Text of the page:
I am not exactly a child of the Cuban revolution. But as a teenager I was once among several "decoys" helping activist friends who were Havana-bound, by way of Eastern Europe, in defiance of a travel ban. Those genuine lawbreakers and we faux tourists with suitcases fanned out to different airlines for different flights to different destinations. The pretenders did not buy tickets or board planes. This successful plan was meant to confuse the FBI, who wouldn't know which potential passengers to follow.
My memories of that four-decade-old event were rekindled while watching The Motorcycle Diaries at September's Toronto International Film Festival. It's about the young Che Guevara, a legendary figure who fueled my adolescent imagination in an era when political commitment seemed so simple.
Despite the complexity of contemporary global issues, I still see Che as a vivid personification of my generation's ideals. It doesn't hurt that he was a hippie prototype: a long-haired, bearded, handsome bohemian in a beret. His martyrdom in October 1967 at age 39 fostered the iconic image that's been emblazoned ever since on T-shirts and other paraphernalia.
Brazilian director Walter Salles' Diaries, now playing in Burlington, tackles Ernesto Guevara long before he discovered that armed struggle would be his destiny. There's only a hint, in fact, that his nickname would eventually become "Che."
Adapted by Puerto Rican screenwriter Jose Rivera from Guevera's published memoir and a journal kept by his sidekick Alberto Granado, the picture traces their 8000-mile journey through Latin America in 1952. They are young Argentineans, just 23 and 29, respectively.
Boisterous Alberto (Rodrigo de la Serna) is a biochemist with a 1939 Norton-500 bike, dubbed "The Mighty One," that transports them part of the way. The comfortably middle-class Ernesto, played by Mexican heartthrob Gael Garcia Bernal, takes a break before graduating from med school to pursue this initially glorious adventure.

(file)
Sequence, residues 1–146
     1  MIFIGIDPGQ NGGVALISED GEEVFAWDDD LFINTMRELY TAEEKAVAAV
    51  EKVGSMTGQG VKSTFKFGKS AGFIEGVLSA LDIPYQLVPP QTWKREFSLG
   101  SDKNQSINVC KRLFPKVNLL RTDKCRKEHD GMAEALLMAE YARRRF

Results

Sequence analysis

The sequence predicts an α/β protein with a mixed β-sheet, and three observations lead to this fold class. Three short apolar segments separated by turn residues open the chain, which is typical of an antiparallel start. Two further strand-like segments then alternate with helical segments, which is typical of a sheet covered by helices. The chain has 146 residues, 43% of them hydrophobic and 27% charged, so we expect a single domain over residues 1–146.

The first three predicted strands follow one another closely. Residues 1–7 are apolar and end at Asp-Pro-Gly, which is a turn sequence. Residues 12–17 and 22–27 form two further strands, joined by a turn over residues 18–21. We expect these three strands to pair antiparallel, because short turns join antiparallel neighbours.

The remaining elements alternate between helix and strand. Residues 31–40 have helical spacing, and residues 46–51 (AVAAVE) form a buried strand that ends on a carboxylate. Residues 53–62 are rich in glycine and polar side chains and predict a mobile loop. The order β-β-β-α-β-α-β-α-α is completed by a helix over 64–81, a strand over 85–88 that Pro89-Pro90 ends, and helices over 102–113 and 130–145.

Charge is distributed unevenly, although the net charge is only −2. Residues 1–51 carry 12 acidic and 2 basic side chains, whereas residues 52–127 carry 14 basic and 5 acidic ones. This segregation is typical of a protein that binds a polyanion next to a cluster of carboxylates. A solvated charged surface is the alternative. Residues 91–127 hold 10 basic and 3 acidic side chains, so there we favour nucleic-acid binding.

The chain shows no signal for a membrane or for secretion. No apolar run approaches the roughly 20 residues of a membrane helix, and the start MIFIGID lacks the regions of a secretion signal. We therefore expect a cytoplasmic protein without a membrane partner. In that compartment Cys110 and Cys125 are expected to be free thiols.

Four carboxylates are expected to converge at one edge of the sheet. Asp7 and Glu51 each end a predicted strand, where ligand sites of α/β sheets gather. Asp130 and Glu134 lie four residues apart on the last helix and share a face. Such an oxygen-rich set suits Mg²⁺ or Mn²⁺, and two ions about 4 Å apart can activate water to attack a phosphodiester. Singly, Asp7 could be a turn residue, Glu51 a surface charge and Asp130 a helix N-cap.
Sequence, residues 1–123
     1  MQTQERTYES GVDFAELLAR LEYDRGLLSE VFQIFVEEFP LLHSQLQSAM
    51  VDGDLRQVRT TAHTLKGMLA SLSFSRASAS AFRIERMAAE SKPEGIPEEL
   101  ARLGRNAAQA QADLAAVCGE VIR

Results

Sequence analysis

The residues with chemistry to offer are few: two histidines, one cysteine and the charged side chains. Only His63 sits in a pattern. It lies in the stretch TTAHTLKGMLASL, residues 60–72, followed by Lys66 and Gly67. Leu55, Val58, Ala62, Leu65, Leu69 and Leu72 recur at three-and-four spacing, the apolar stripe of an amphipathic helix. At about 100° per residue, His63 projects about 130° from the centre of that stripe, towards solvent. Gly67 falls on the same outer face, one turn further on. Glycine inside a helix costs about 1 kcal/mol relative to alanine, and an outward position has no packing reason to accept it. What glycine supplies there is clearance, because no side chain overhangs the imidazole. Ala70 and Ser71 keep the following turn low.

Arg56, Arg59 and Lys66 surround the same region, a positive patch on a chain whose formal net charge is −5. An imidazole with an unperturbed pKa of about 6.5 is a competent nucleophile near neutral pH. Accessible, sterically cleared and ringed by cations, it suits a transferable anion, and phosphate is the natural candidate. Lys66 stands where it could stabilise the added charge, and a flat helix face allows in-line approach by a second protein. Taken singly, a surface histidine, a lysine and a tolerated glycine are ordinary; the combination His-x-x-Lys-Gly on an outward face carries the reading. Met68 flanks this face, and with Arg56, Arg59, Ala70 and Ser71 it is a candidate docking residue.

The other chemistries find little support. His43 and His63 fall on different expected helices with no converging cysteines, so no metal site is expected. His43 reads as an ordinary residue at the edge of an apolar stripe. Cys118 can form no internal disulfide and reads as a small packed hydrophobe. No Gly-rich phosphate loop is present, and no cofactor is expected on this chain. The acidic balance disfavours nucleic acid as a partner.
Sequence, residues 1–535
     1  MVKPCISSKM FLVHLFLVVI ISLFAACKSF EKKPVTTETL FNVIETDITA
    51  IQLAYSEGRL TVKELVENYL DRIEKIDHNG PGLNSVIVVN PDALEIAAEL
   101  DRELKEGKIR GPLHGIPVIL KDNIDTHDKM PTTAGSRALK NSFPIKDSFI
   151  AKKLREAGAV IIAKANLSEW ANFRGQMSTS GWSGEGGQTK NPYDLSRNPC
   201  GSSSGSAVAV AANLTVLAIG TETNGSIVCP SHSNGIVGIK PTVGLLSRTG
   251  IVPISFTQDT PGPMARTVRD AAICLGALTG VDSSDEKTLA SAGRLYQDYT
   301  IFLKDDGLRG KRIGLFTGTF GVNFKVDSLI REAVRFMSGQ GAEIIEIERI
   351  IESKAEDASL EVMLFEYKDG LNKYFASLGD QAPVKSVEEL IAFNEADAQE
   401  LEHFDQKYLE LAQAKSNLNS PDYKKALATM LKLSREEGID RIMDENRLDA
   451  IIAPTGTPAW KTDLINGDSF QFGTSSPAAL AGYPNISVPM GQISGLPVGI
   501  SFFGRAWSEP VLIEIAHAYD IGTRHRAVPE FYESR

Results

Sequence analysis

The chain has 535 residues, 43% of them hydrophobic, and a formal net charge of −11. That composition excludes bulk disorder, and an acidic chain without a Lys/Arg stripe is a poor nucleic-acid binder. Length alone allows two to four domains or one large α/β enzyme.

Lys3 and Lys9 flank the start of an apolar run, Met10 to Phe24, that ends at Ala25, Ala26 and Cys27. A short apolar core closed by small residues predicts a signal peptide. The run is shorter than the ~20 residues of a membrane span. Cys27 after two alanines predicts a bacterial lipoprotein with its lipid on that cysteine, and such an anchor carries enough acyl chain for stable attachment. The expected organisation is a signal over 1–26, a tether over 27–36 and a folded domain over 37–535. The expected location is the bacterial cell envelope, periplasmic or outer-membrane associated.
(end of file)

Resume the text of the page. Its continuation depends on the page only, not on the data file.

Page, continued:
They dream of a four-month lark spent enjoying lush landscapes and enjoying new escapades. From the Andes Mountains to the Amazon Basin, Eric Gautier's cinematography captures the breathtaking scope of a continent that was then largely untamed.
But various mishaps force Ernesto and Alberto to double their original time frame. The Mighty One can't live up to its name. At one point, that means pushing the bike through a Chilean snowstorm. A complete mechanical breakdown forces them to hitchhike and do a lot of walking. When their money runs out, the duo cleverly cajoles strangers into coming to their aid.
Periodically, Ernesto's asthma kicks up. His medical bag disappears during a long ferry ride, but Alberto manages to finagle a vial of life-saving adrenaline.
The romantic interludes are amusing, as Alberto beds women in several countries. Ernesto's a bit shy. De la Serna, who has a mischievous presence, provides most of the comic relief, in contrast to Bernal's more sober delivery.
Outside Valparaiso, they encounter a homeless couple searching for work. Ernesto in particular is galvanized by their tale of woe. In another sequence, indigenous Peruvians explain how they've been uprooted from their land. These eye-opening injustices make a deep impression on the future Che. The not-so-easy-rider road movie evolves into a saga about awakening consciousness.
Although Bernal (who appears as a reckless, randy kid in Y Tu Mama Tambien) doesn't really resemble the mythic character he portrays, the actor displays just the right gravitas. His performance is nicely restrained while conveying a sensitive man with a sharp intellect and strong convictions.
Ernesto's skills as a physician are most apparent when the two buddies reach a remote colony for people afflicted with leprosy, the disease that's been his academic specialty. The authenticity is evident in these wrenching scenes shot on the actual site, and including a number of patients once treated by Guevara.
The only misstep in an otherwise wonderfully evocative story is when Salles allows his depiction of Che to assume heroic proportions. The incident in question may or may not be historically factual, but it's presented with far too much fanfare.
Whatever its faults, The Motorcycle Diaries revived my own early fantasies of fighting for a better world. After leaving the Toronto theater last month, I passed by a souvenir shop selling the perfect leftie tchochka: a small packet of red tissues with Che's face imprinted in black. The brand name, Sniff, suggests to me that this absorbent paper product can wipe away tears of revolutionary nostalgia.